Jenna Ortega has addressed her recent wardrobe malfunction after she attended the Scream IV premiere with a Sharpie stain on her couture dress.
This week, the Wednesday star walked the red carpet ahead of the premiere of the sixth installment of the slasher franchise, Scream. Ortega arrived at the screening on Monday night wearing black and white couture look from Jean Paul Gaultier. The structured shirt-dress – which featured a white bustier sleeveless top layered underneath a black structured blazer – was designed by Balmain creative director, Olivier Rousteing.
However, the 20-year-old actor managed to get a noticeable blue Sharpie stain on the white tuxedo dress. While it’s unclear where the blue mark came from, it most likely occurred when Ortega was signing autographs for fans outside the New York City premiere.
Ortega then had no choice but to walk the red carpet with the stain, as photos from the event show the Golden Globe nominee attempting to cover it up with her hand.
Taking to Instagram on Wednesday, Ortega shared photos from the Scream IV premiere while using hashtags to address the wardrobe malfunction. “#sharpiestainwhogivesas***,” she wrote. The You star also apologised to Rousteing for getting Sharpie on the couture dress he designed. “#imsosorryolivier @olivier_rousteing” she said.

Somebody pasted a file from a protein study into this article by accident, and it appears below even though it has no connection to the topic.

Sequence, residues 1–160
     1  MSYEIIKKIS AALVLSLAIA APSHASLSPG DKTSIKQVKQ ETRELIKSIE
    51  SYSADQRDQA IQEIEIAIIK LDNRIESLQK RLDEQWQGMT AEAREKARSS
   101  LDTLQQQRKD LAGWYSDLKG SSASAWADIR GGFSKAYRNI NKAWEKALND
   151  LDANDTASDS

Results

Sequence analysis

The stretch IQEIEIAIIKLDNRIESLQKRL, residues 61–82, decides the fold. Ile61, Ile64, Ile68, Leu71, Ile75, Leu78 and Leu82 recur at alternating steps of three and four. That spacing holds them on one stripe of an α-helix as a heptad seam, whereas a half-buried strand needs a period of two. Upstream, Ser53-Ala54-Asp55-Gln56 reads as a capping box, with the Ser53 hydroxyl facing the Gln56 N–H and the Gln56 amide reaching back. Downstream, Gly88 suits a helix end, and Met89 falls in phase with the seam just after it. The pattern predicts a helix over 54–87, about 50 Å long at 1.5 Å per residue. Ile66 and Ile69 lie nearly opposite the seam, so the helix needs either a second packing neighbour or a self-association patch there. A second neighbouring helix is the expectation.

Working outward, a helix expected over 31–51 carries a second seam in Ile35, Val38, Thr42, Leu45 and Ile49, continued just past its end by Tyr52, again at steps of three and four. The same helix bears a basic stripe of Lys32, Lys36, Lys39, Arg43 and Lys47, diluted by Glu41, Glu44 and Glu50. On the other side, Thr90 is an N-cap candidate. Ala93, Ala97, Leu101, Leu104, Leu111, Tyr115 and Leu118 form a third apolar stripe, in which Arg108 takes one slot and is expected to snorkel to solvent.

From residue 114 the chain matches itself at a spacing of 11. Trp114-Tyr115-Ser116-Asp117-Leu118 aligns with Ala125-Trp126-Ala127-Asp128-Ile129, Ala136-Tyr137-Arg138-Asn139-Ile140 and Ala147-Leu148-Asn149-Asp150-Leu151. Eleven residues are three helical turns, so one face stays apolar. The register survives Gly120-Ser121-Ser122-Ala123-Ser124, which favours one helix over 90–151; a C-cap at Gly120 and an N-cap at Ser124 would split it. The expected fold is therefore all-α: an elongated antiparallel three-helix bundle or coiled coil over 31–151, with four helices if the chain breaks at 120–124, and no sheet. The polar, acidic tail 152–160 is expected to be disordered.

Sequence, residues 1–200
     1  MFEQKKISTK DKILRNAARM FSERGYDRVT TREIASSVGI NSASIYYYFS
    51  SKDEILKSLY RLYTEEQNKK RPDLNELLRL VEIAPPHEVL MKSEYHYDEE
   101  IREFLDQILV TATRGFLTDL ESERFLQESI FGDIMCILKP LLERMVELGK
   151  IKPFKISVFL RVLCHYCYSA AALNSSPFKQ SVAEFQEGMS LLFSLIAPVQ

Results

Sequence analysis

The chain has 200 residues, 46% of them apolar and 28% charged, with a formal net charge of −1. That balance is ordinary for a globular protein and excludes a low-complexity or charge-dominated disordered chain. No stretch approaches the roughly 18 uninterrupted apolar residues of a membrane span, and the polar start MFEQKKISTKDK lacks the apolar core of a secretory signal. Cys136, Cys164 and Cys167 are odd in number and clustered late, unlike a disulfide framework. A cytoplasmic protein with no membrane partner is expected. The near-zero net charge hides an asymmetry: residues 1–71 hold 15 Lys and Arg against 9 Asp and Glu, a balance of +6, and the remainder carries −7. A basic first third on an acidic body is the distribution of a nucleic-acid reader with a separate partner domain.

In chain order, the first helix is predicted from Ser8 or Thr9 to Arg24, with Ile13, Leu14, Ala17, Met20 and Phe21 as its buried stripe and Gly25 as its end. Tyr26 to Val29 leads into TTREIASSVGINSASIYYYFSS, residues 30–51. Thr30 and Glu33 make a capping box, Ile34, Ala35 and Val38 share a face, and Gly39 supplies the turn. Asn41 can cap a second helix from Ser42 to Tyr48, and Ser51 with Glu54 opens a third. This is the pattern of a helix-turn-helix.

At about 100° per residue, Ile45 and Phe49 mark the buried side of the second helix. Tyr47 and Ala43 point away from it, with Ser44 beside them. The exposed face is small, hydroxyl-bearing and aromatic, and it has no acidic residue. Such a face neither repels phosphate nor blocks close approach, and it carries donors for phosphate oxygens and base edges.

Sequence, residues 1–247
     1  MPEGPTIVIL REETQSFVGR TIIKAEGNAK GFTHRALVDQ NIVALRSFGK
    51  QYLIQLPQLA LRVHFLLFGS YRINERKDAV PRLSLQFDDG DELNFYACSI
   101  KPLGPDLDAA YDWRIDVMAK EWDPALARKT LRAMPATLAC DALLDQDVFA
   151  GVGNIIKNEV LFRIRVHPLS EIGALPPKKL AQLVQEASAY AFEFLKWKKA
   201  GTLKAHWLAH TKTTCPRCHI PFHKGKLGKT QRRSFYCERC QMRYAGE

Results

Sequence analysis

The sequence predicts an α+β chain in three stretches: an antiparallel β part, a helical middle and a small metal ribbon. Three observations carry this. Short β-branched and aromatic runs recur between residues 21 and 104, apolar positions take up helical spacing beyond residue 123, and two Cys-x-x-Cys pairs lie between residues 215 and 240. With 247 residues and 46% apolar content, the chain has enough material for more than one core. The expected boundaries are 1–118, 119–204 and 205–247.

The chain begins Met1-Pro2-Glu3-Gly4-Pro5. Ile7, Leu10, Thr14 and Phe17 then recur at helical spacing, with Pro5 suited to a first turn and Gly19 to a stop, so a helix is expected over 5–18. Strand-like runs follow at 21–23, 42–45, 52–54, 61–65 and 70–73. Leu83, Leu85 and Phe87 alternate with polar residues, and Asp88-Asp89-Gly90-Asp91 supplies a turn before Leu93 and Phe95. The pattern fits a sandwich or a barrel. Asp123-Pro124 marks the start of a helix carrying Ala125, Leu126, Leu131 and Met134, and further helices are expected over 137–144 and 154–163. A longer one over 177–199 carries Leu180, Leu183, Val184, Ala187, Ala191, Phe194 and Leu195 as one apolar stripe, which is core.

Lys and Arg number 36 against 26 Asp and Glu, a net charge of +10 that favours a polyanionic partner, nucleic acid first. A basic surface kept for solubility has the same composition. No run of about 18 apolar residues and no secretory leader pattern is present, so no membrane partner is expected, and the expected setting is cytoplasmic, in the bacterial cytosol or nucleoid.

Fans in her comments section seemed equally as unbothered by the sharpie stain.
“The stain is actually a blue Verified check mark,” wrote one fan.
“sharpie stain is a moment fr,” another said.
Meanwhile, the official Instagram account for the Scream movies aptly commented: “How well does the red carpet hide blood stains?”
Ortega, who will make her Saturday Night Live hosting debut on 11 March, recently opened up about her dating life and explained why she’s not in a relationship right now. In an interview with Elle for the magazine’s “Impact Issue,” Ortega revealed why she’s not dating anyone at the moment.
“Maybe I am too obsessed with my work, but the idea of relationships stresses me out,” she said. “And also being that vulnerable with someone and having to get to know someone that well and having someone see you for all that you are.”
“I hate being googoogaga over a boy,” she added. “I think it’s secretly a pride thing. It’s a problem with a lot of female characters, that a lot of them are guy oriented or what they’re expressing or emoting is based on a guy’s position and a guy’s story.”